Anti-inflammatory medication – the drugs don’t work!
A question we get asked all the time is; “Should I keep taking ant-inflammatory medication?”, or “do I need to take these to get well?”. Our answer to both of these questions is NO!
Many people have the incorrect belief that inflammation is bad and taking a drug to block this process is good.
Inflammation is the body’s natural response to injured tissue and it occurs in several phases:
- The acute phase. Mast cells in collagen tissue are broken during the injury and they release histamine (hence the group of drugs called antihistamines used to control inflammation usually associated with allergies). Histamine acts on the walls of the capillaries, making them more permeable allowing fluid carrying specialised cells from the blood to leak into the damaged area. The temperature of the area increases, which assists the natural chemical reactions for these blood cells, that engulf, damaged tissue cells in preparation for the next phase.
- The repair phase. Once damaged tissue has been engulfed and removed, other specialised cells move into the area to form new tissue. The collagen matrix is rebuilt cell by cell where the damaged area once was.
- Remodelling phase. Initially new tissue is laid down in a big blob, like a scab on a skin wound. Once the damaged area has been filled in by new tissue, certain cells remove part of the scar, while other cells make new cellular tissue in the correct alignment with the original material.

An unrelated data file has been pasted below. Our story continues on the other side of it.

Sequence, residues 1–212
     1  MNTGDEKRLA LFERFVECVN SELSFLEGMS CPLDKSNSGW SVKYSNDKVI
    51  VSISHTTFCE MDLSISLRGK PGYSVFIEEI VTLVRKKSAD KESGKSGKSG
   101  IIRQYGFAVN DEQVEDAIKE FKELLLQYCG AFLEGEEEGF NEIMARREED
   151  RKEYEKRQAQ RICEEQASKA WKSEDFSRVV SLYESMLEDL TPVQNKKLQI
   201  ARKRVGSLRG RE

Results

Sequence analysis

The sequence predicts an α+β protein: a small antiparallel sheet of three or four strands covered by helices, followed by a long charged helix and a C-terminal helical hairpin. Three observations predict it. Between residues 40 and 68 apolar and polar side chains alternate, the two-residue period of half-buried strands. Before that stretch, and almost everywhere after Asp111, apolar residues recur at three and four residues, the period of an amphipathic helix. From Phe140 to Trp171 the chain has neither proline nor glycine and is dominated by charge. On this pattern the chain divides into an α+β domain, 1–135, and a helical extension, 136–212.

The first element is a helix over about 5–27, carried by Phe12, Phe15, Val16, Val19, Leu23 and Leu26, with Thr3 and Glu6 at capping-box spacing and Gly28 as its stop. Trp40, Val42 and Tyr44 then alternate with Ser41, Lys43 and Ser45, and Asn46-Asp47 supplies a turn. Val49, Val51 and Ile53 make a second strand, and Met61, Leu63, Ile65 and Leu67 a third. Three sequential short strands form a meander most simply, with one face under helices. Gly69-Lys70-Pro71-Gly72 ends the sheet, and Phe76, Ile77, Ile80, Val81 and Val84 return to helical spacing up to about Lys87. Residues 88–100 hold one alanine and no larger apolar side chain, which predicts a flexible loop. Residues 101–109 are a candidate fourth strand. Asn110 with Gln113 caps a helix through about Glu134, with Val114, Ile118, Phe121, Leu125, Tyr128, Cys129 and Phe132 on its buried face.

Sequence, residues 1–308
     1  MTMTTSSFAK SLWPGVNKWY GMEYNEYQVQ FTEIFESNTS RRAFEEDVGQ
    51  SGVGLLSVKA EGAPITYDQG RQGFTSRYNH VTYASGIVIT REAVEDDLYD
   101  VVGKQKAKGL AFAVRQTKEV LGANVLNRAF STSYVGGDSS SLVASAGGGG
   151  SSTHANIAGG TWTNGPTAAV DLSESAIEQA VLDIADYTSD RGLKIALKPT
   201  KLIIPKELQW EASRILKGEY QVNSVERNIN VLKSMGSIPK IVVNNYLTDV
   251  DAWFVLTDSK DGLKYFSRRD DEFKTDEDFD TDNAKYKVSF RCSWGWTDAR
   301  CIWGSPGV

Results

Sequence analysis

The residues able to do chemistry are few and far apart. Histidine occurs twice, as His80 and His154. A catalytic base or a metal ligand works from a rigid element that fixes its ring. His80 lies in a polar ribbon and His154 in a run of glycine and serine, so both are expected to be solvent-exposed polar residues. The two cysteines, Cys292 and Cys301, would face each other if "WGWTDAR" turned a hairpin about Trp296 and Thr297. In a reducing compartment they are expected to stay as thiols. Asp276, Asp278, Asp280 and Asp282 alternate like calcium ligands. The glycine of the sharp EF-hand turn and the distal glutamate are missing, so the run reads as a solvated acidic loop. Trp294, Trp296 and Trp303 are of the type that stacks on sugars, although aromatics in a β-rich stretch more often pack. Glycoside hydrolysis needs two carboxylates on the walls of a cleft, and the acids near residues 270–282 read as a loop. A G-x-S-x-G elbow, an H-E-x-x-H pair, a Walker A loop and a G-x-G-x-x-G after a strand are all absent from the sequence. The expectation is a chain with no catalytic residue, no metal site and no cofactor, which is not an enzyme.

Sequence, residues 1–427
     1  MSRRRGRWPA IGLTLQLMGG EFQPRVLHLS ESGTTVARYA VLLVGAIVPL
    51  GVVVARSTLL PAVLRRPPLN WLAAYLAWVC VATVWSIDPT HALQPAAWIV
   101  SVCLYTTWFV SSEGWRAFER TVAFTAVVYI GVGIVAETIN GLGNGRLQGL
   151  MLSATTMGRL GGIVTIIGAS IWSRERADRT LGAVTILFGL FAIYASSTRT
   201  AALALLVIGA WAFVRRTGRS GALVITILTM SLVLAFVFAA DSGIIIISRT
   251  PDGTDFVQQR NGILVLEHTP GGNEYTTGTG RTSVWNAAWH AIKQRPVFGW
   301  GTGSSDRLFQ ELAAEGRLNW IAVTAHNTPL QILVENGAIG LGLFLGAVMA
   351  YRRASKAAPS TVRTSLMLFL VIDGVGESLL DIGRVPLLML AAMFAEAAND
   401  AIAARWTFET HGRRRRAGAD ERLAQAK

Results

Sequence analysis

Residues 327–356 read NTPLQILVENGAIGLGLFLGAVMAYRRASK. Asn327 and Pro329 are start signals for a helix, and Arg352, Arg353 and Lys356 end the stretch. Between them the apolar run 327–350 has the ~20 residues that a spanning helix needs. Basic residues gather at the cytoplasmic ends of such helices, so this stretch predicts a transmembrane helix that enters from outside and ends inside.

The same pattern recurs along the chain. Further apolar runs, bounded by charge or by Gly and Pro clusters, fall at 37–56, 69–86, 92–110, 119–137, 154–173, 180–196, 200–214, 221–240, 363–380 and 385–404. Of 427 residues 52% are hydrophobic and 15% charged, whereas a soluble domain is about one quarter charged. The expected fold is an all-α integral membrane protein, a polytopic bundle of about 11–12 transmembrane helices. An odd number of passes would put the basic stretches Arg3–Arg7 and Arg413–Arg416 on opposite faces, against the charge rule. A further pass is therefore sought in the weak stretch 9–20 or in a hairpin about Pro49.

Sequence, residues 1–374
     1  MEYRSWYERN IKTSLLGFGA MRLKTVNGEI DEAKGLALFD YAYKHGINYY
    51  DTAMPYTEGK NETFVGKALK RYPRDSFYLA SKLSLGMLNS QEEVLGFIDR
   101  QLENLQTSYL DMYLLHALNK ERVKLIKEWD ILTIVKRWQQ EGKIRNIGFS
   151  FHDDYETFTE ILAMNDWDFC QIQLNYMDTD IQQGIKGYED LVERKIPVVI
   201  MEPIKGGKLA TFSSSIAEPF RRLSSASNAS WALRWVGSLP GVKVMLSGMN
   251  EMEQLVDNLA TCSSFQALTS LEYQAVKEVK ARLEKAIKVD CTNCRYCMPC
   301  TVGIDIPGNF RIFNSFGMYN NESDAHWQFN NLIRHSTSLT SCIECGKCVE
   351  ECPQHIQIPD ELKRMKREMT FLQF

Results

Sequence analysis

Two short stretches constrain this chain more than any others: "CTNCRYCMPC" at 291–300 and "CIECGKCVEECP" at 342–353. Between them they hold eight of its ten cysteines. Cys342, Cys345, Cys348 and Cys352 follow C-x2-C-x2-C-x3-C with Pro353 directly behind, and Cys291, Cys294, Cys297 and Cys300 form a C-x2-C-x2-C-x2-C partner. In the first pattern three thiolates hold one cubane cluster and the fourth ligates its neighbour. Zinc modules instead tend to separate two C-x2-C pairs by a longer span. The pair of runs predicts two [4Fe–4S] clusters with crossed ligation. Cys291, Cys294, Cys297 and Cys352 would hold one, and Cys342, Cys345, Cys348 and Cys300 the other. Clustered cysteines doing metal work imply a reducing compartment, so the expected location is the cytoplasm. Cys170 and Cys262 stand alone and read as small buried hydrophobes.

Inflammation is characterised by swelling, heat and pain. In the natural world, these features have very important functions.
The swelling is the result of blood fluid and specialised cells entering the site of injury for clean up and repair.
Heat is partially due to the swelling and also the increased amount of chemical reactions occurring in the clean up and repair processes. This works to the body’s advantage because, as you might recall from secondary school Chemistry classes, chemical reactions occur quicker in a warmer environment. The temperature is set to an ideal level, adding additional heat from a hot shower or bath can prolong the process and cause more unnecessary pain and swelling.
The pain is caused by the nervous system detecting through pH, pressure and specialised pain sensors that damage is present and suggesting to the individual that they rest the area and not contribute further to the injury while it is healing.
While these things may be uncomfortable, they are evidence that your body is healing. If this process is left to its normal progression, the healing usually occurs quicker than if the process was slowed down by a drug, such as an anti-inflammatory which blocks some of the above processes.
Professor Peter Gotzsche, a co-founder of the Cochrane Collaboration, the world’s foremost body in assessing medical evidence, warns about the use of prescription medications. Even the name for these drugs, “anti-inflammatory”, is not supported by evidence, he says. He has conducted a clinical trial and review of the evidence that has found there is no proof they reduce inflammation.
“These terms for our drugs are invented by the drug industry,” he said. “They had a huge financial interest in calling these things anti-inflammatory. It lured doctors into believing that these drugs somehow also had an effect on the disease process and reduced the joint damage.”
He estimates that 100,000 people in the United States alone die each year from the side-effects of correctly used drugs. Similar figures are not available in Australia, although the Australian Bureau of Statistics estimates that 3000 people died after complications with medical and surgical care in 2012.
“It’s remarkable that nobody raises an eyebrow when we kill so many of our own citizens with drugs,”
For more information search “Professor Peter Gotzsche” or check out the following link from the Sydney Morning Herald: http://www.smh.com.au/national/health/peter-gotzsche-founder-of-the-cochrane-collaboration-visits-australia-to-talk-about-dangers-of-prescription-drugs-20150207-136nqc.html